Evaluating Physician Employment Contracts: How Do Your Benefits Measure Up?
From signing bonuses to relocation and continuing education allowances, your employment contract needs to provide more than a competitive salary.
Fam Pract Manag. 2017 Sep-Oct;24(5):9-11.
Author disclosures: The authors disclose that they are employed by a physician search firm; no other relevant financial affiliations disclosed.
The primary feature of most physician employment contracts is, of course, a base salary. A standard contract will typically stipulate a guaranteed amount that the physician will be paid and may also include a production bonus formula. Most production bonuses are based on relative value units (RVUs) or other volume-related metrics, although a growing number may include value-related metrics such as patient satisfaction scores, adherence to treatment protocols, or use of electronic health records (EHRs). Between the base salary and the production bonus outlined in the contract, physicians should be able to determine both the minimum amount they will earn during the contract period and the maximum they could achieve through the bonus.
Beyond the basic financials, physician employment contracts also generally include a range of other benefits, which we will describe in this article. It should be noted that this information is derived mostly from larger employers such as hospitals, health systems, large medical groups, and community health centers working with our search firm. The employment terms offered by smaller groups may vary from what is described.
Physician recruiting has become highly competitive because of an emerging physician shortage that is particu larly acute in primary care. Seventy percent of physicians receive 51 or more job solicitations during the course of their training, and 50 percent receive 100 or more. For primary care residents, the numbers are even higher, with 78 percent receiving 51 or more job solicitations and 55 percent receiving 100 or more.1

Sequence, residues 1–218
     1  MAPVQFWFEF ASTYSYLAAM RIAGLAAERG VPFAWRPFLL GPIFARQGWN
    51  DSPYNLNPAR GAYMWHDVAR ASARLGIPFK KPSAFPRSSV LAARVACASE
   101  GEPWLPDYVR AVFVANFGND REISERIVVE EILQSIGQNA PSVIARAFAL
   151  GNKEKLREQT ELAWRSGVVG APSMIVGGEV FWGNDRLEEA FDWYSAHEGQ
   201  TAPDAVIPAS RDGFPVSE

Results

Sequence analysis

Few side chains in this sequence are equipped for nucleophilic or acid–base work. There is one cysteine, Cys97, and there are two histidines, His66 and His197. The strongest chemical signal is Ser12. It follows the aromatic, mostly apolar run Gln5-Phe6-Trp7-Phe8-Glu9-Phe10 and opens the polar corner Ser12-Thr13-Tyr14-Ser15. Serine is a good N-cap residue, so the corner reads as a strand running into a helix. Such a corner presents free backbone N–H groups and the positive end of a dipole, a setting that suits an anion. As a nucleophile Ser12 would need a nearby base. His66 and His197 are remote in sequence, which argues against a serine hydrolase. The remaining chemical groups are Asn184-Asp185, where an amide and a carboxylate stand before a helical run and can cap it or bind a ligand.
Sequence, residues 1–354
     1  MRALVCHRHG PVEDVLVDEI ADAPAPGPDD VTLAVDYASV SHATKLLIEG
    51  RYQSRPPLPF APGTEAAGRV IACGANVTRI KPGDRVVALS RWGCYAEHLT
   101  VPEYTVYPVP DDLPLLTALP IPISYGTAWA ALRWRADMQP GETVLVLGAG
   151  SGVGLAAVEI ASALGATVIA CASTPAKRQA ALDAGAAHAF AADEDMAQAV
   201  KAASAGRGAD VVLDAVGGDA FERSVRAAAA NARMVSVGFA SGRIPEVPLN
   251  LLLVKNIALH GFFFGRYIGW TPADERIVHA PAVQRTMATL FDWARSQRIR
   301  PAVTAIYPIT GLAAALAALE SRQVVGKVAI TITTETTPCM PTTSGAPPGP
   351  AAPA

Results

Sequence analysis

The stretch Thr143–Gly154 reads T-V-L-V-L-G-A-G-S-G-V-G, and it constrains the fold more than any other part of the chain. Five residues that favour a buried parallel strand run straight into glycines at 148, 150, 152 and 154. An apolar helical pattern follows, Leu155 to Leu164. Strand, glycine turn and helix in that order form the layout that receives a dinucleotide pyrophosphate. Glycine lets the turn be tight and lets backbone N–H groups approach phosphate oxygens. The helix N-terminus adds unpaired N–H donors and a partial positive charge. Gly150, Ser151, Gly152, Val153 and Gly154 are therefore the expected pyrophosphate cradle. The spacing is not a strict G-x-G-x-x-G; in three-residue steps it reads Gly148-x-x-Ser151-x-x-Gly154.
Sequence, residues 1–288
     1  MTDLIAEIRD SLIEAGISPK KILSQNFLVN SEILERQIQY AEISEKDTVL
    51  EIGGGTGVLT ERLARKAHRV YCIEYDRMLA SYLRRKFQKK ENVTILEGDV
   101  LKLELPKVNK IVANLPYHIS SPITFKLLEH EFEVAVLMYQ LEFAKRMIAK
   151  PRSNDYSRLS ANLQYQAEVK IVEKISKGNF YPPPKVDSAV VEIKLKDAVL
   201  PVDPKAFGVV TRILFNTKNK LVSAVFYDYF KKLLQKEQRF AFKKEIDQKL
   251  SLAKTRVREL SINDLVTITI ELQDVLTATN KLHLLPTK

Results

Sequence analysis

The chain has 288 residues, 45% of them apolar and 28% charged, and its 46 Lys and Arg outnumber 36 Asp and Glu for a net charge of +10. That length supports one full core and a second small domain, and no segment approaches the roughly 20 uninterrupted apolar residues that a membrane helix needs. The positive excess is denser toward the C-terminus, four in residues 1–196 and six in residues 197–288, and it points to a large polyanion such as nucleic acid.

For the 11th year in a row, family medicine was the most requested type of search for our firm,2 and most family physicians are the focus of continuous recruiting activity.
To differentiate themselves, employers such as hospitals, medical groups, and others often offer physician candidates a signing bonus. Signing bonuses are intended to create a sense of urgency and commitment, and they can prove to be the extra impetus physicians need to put their name on a contract. Signing bonuses also provide physicians with a short-term financial infusion that can make a move more feasible and appealing.
A dozen years ago, fewer than half of our firm's search assignments featured a signing bonus. That number now stands at 76 percent.2 It would be higher, but some service sites that have proliferated rapidly in recent years, including urgent care centers and Federally Qualified Health Centers (FQHCs), usually do not offer signing bonuses. The average signing bonus for all physicians is currently $32,636.2 (See the range offered in “Signing bonuses, all physicians.”)
1. 2017 Survey of Final-Year Medical Residents. Dallas: Merritt Hawkins; 2017.
2. 2017 Review of Physician and Advanced Practitioner Recruiting Incentives. Dallas: Merritt Hawkins; 2017.
3. Healthcare provider move rates. SK&A website. http://www.skainfo.com/page/infographic-provider-move-rates. Updated October 2016. Accessed July 25, 2017.
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